Voluntary Separations and New Plante Moran Contract

At Wednesday’s Budget Meeting

By, Crystal A. Proxmire


At a special budget meeting on April 21, 2010 City Council discussed how the voluntary layoffs might affect the $3.1 million budget deficit for the FYE [Fiscal Year Ending] 2011.  They also voted to hire Plante Moran at an hourly rate to give them a cost analysis of remodeling City Hall in order to accommodate a smaller staff and a central public access point for service.


One of the ways Council began to trim the budget was by offering a voluntary separation incentive program [VSIP] to encourage non-union employees to retire early.  This included an incentive payment of $1,000 for each year of employment, retirement health insurance for employees who were on staff over 20 years, but not the 25 years which was the previous requirement, and one year of health insurance through COBRA at the City’s expense. 


Eighteen employees accepted the VSIP, although three of the positions vacated will need to be refilled (1 code enforcement, 1 rental inspector and 1 librarian). Those leaving will be done on April 30, 2010, although some of will return to their positions on a temporary contractual basis to help with the transition to “the new reality,” as members of council call the new era of lean government. 


Among the other early retirees are Administrative Assistant Shirley Ahlgrim, Community Development Director Marsha Scheer, Finance Department Personnel Technician, Assessor/Treasurer Jay Singh, and Fire Chief Roger Schmidt.  James Aiello, a Lieutenant in the Fire Department, and Traffic Control Officer Steve LaRowe have accepted offers, as have three clerk-typists, and several Department of Public Works staff, including Superintendent Jack Crowley.  Police Chief Michael Kitchen is considering taking a buyout as well.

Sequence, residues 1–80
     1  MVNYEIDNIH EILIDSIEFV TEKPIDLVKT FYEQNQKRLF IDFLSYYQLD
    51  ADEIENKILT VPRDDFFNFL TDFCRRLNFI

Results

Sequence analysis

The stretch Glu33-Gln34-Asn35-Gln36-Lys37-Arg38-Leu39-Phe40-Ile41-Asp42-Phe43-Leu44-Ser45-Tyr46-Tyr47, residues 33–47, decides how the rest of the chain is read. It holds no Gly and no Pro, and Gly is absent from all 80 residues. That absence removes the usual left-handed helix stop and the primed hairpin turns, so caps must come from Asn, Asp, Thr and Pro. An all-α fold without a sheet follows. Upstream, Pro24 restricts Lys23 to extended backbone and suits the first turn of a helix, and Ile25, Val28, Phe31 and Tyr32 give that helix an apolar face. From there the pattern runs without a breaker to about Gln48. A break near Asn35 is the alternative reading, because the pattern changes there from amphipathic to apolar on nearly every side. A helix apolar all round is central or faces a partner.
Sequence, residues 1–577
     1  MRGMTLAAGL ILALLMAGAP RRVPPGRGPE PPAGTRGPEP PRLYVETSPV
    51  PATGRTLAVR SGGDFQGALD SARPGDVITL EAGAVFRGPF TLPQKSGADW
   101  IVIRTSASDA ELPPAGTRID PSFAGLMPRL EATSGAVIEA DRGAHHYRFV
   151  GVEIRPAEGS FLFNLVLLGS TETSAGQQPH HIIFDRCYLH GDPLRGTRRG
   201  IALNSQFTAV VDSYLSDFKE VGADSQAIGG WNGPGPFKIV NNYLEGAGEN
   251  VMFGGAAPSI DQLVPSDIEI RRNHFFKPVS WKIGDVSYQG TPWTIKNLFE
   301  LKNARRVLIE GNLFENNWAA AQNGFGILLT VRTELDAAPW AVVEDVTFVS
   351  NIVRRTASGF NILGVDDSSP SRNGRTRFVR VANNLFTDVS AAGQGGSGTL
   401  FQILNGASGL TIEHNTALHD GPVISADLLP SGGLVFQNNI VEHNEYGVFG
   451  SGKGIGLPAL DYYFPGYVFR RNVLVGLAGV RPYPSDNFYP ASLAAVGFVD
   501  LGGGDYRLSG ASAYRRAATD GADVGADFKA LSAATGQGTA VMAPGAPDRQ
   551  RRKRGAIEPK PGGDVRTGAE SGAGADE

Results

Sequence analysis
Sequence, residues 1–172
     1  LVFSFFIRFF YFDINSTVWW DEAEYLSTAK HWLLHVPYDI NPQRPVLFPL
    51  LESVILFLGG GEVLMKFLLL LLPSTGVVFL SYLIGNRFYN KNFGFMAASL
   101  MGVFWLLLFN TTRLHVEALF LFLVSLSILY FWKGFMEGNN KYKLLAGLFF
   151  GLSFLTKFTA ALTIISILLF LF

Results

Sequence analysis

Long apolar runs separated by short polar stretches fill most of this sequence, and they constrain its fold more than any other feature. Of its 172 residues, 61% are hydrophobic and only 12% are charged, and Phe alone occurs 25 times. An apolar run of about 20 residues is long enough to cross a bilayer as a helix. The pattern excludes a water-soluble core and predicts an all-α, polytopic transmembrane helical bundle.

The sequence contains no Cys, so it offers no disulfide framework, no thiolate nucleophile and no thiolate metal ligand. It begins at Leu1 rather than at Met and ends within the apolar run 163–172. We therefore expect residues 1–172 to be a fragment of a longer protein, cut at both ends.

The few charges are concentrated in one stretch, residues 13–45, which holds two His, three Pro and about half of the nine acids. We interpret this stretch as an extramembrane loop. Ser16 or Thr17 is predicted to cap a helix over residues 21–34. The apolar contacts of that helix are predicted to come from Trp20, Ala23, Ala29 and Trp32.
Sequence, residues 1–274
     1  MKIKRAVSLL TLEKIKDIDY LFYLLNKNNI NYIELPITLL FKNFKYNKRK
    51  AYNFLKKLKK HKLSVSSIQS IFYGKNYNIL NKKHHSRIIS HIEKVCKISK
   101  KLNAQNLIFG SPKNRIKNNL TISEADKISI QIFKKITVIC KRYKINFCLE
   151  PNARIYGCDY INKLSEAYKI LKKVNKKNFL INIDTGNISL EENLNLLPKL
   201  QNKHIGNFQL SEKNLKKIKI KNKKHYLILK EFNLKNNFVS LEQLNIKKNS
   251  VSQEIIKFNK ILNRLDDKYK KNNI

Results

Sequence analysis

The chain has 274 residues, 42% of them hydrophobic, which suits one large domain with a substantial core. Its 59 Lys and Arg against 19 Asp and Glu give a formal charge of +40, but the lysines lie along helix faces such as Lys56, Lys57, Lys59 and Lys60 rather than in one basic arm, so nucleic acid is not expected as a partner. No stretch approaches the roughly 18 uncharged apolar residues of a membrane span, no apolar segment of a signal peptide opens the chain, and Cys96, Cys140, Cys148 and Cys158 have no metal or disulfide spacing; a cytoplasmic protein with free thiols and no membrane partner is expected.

Leaders from every department presented budget proposals to the council over the past few weeks.  Council will know on Monday what the results of the collective bargaining agreements has been.  City Manager Bob Bruner presented a list of General Fund Budget Proposals which includes ideas brought forward by members of each department.  These proposals give council options for what changes they may want to implement to make the budget work.  Some of the ideas on the table include closing the Recreation Department, laying off between 12- 29 employees including police and firefighters, selling City-owned parking lots to the DDA, increasing traffic patrol and ticketing and several other options.  The City of Ferndale website (http://www.ferndale-mi.com/) gives links to budget documents and proposals, and you can look at previous stories in The Ferndale 115 News.


Council members will review the list of ideas and will meet again next week to begin discussion over what to options to implement. 


They also voted 4-1 to hire Plante Moran on an hourly basis to provide an estimate for how much it would cost to renovate City Hall to provide one access point for customers, since there will no longer be as many employees to help people.  City Manager Bob Bruner has asked Plante Moran to keep the cost of providing the estimate to under $2,000. 


Mayor Craig Covey opposed the contract, saying that when times are tough it’s okay to put a sign up on a window directing people to another desk, or to use inexpensive partitions and potted plants to change the layout. 


Kate Baker said that we need to consider what face the city wants to show to people who are coming in to open new businesses or to make improvements to their homes.  “We’re not falling apart like other cities are, and I think that’s something Ferndale is proud of.  We want people to feel good about being here,” she said.


Councilperson Scott Galloway pointed out that “As the City asks the fewer and fewer remaining employees to do more and more work; we should do our best to provide them an environment where they can do their work efficiently.”


Councilperson Melanie Piana, whose full-time job at the Suburbs Alliance has her in the City Hall building all day, has a unique perspective.  “With the counters the way they are, there are a lot of interruptions,” she said.  She suggested that Plante Moran work with the clerks and departments that currently use the space, to get their ideas for what would make most sense for the jobs they have to do.


Bruner has asked that Plane Moran return their estimate within one week, so that Council can consider it with their budget decisions.